As mentioned previously, the MiG held superiority in the air as it was faster, more maneuverable, rate of climb, ceiling and acceleration.

However when the F-86F was introduced, the performance difference was virtually nil.

When the F-86E arrived in Korea with the all-moving tailplane was more effective at speeds at or above the sound barrier.

The MiG-15 could not perform very well at speeds past 0.92 mach.  This would account for the higher ratio of “kills” in favor of the F-86.

The number of 792 MiG-15 losses was disputed by the USSR and the Communist Chinese sources,  but the numbers add up as 335 Soviet MiGs lost while 224 MiGs were lost by the Chinese.

It was estimated that about 100 North Korean MiGs were shot down as the North Koreans would not reveal their losses.

In 1958, the Chinese Nationals who had been outfitted with F-86Fs Sabres, were challenged by the Chinese Communists in an attempt to drive them out of Twain Island.  Many MiG-Sabre dogfights took place.

Then secretly, the USN converted the Sabres with AIM-9 Sidewinder missiles.  These missiles had only recently finished being tested and very few were available to U.S. forces.

The MiG-15 and MiG-17 had an altitude advantage over the Republic of China Sabres.  However with the new Sidewinder missiles that advantage disappeared in a devastating way.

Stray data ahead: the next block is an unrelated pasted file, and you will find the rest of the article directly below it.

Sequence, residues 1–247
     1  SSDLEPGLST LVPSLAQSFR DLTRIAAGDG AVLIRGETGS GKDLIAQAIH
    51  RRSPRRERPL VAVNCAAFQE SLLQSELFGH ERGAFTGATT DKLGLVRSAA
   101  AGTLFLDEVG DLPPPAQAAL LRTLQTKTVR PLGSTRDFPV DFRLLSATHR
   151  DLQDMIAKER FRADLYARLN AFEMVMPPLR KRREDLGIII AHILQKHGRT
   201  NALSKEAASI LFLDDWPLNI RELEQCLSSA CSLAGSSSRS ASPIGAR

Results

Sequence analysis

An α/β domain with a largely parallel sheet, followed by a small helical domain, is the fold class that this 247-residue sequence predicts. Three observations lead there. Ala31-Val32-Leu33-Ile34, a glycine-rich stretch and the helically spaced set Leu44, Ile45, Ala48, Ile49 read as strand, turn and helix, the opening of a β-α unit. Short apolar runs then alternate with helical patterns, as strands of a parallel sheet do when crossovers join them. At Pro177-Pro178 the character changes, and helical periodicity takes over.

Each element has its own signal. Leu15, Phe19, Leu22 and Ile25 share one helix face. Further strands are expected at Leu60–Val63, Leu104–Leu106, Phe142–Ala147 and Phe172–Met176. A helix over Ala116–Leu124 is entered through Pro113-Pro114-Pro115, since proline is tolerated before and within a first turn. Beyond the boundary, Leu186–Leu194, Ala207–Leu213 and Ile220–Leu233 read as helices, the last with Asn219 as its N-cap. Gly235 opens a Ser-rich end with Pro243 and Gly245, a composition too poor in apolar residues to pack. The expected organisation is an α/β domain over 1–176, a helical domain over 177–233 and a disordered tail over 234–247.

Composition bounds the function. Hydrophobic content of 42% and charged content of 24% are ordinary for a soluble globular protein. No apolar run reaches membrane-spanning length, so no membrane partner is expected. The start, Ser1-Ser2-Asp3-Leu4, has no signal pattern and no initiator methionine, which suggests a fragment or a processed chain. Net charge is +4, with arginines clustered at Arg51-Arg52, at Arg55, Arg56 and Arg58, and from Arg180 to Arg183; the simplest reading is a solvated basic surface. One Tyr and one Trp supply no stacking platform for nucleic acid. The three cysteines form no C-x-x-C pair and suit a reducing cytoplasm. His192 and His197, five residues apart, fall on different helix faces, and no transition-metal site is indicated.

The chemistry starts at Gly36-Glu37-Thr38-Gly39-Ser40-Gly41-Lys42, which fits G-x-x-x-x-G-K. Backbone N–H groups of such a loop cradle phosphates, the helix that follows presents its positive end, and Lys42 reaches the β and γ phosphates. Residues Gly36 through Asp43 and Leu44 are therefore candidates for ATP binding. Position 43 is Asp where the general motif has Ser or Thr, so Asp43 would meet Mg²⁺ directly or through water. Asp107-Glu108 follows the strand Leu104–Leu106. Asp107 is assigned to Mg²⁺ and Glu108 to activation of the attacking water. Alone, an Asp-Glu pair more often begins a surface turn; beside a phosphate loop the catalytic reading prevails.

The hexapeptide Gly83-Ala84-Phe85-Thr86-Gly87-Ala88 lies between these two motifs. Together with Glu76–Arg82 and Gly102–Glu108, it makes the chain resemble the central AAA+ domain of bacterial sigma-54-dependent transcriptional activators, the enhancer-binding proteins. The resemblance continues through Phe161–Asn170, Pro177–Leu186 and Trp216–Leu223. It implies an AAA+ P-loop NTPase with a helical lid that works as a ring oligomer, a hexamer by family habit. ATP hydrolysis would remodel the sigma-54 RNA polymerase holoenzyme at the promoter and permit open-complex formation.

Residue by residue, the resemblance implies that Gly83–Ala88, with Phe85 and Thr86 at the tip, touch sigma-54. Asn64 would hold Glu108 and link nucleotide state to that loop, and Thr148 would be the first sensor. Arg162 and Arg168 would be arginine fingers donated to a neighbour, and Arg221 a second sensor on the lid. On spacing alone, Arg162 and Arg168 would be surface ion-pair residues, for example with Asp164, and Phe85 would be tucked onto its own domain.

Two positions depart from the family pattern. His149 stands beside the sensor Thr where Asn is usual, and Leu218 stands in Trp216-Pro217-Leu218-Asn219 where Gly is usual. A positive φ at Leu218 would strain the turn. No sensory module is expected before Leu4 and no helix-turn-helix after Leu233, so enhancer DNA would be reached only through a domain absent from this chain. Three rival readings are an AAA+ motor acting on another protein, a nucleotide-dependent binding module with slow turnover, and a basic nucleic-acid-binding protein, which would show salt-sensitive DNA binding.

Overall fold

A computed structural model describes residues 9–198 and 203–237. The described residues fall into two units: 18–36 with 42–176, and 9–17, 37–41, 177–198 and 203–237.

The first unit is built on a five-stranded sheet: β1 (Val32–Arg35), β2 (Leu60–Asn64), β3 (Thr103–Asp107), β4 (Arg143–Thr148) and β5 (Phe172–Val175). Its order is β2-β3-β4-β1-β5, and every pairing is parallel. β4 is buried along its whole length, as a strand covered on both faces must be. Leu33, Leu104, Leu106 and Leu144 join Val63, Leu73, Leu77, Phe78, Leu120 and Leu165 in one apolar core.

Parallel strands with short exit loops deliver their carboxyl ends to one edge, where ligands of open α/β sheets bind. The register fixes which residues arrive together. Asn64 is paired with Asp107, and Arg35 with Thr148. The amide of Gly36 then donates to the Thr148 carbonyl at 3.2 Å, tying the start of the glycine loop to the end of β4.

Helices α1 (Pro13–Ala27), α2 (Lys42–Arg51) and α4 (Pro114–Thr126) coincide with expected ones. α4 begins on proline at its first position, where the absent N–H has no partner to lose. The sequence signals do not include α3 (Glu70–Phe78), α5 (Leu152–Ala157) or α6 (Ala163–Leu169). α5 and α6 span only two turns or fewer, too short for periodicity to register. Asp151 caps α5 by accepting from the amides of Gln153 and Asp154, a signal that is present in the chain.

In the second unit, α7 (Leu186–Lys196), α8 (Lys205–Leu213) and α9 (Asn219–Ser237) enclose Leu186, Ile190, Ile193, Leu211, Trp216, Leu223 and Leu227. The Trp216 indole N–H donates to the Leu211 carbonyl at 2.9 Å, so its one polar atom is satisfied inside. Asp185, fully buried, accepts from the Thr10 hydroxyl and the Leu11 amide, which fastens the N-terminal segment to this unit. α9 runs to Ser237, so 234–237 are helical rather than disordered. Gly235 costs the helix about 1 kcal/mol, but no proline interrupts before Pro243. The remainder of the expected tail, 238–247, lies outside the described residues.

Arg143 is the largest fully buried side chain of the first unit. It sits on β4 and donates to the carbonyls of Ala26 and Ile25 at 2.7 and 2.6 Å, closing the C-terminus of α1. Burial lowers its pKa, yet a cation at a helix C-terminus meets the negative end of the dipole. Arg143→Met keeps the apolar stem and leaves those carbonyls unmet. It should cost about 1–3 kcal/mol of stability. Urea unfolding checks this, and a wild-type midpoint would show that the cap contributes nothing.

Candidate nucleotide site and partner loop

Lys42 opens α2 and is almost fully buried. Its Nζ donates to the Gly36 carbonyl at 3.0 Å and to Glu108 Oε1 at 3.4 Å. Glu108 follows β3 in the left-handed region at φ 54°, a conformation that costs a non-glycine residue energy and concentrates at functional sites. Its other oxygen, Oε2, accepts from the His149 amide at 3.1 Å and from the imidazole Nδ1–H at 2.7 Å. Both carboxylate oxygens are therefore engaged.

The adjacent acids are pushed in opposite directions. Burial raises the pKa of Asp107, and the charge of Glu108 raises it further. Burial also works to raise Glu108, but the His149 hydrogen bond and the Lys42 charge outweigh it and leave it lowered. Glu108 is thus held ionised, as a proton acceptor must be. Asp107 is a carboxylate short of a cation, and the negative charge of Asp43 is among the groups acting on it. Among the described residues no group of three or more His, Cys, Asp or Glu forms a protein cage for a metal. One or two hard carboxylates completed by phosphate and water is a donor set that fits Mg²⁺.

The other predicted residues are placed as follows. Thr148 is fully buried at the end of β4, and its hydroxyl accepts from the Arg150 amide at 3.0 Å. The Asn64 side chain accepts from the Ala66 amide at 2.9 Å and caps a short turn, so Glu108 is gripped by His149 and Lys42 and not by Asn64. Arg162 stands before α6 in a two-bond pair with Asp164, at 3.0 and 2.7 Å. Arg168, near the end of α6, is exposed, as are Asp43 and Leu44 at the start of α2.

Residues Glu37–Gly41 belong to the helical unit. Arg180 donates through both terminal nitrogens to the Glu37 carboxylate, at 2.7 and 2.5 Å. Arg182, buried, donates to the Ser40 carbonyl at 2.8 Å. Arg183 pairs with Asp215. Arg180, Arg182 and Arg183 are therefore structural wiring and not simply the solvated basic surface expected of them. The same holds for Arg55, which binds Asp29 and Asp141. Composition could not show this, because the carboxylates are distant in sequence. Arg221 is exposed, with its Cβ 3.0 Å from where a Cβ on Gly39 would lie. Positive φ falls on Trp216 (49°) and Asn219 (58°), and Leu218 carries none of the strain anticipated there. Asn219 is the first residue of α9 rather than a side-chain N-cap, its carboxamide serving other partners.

The F-86 Sabre was used in regional disputes over the years by Pakistani in Indo-Pakistani wars of 1965 and 1971 .

The Sabre also was used by the Portuguese Air Force and the Philippine Air Force replacing their P-51s with F-86Fs.

In addition to ROC, Pakistani, and Portugal, the F-86 was used by Japan, Spain, and Republic of Korea (South Korea).  In fact 20 countries throughout the world have had an North American F-86 Sabre at one time or another in their military arsenal.


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F-86s on Display

The following countries have F-86 Sabres of various models on display:

Argentina – Australia – Brazil – Canada – Colombia -Czech Republic – Germany – Greece – Japan-New Zealand – Norway – Saudi Arabia – Yugoslavia – South Africa – South Korea – Spain – Turkey – United Kingdom.

In the United States, there are over 84 F-86 on display at airports and museums through out the country.

Please  check with your local air museum for their display.

 F-86 Sabre #1


Tech Specs for the F-86 Sabrejet

Wing Span:          37 ft 1 in

Length:                 37 ft 8 in

Height:                 14 ft 5 in

Weight:                 13,791 lbs

Max Speed:          678-687 MPH*

Cruise Speed:       599 MPH*

Service Ceiling:    48,000 ft

Range:                  1,052 miles

Engines:              1 GE J47-GE-13 with 5,200 pounds of thrust

Crew:                   1

Armament:   Guns: 6-50 cal Browning Machine Guns.

Rockets: Variety of launchers. Example: could carry 36 SNEB 68mm rockets.

Bombs: 5,300 pounds.

*Depending on the model and mission.